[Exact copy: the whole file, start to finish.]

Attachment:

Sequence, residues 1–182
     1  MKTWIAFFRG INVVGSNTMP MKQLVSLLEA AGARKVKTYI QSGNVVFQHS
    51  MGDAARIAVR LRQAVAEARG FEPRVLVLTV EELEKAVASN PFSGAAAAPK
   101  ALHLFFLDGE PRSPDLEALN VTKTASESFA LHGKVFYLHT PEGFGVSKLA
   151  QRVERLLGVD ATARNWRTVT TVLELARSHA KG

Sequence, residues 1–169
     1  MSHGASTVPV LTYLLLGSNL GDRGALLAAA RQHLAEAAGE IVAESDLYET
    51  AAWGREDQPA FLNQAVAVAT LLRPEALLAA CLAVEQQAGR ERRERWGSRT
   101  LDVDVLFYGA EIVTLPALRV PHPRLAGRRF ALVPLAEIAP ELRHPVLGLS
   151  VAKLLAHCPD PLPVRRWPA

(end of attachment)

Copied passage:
Sequence, residues 1–182
     1  MKTWIAFFRG INVVGSNTMP MKQLVSLLEA AGARKVKTYI QSGNVVFQHS
    51  MGDAARIAVR LRQAVAEARG FEPRVLVLTV EELEKAVASN PFSGAAAAPK
   101  ALHLFFLDGE PRSPDLEALN VTKTASESFA LHGKVFYLHT PEGFGVSKLA
   151  QRVERLLGVD ATARNWRTVT TVLELARSHA KG

Sequence, residues 1–169
     1  MSHGASTVPV LTYLLLGSNL GDRGALLAAA RQHLAEAAGE IVAESDLYET
    51  AAWGREDQPA FLNQAVAVAT LLRPEALLAA CLAVEQQAGR ERRERWGSRT
   101  LDVDVLFYGA EIVTLPALRV PHPRLAGRRF ALVPLAEIAP ELRHPVLGLS
   151  VAKLLAHCPD PLPVRRWPA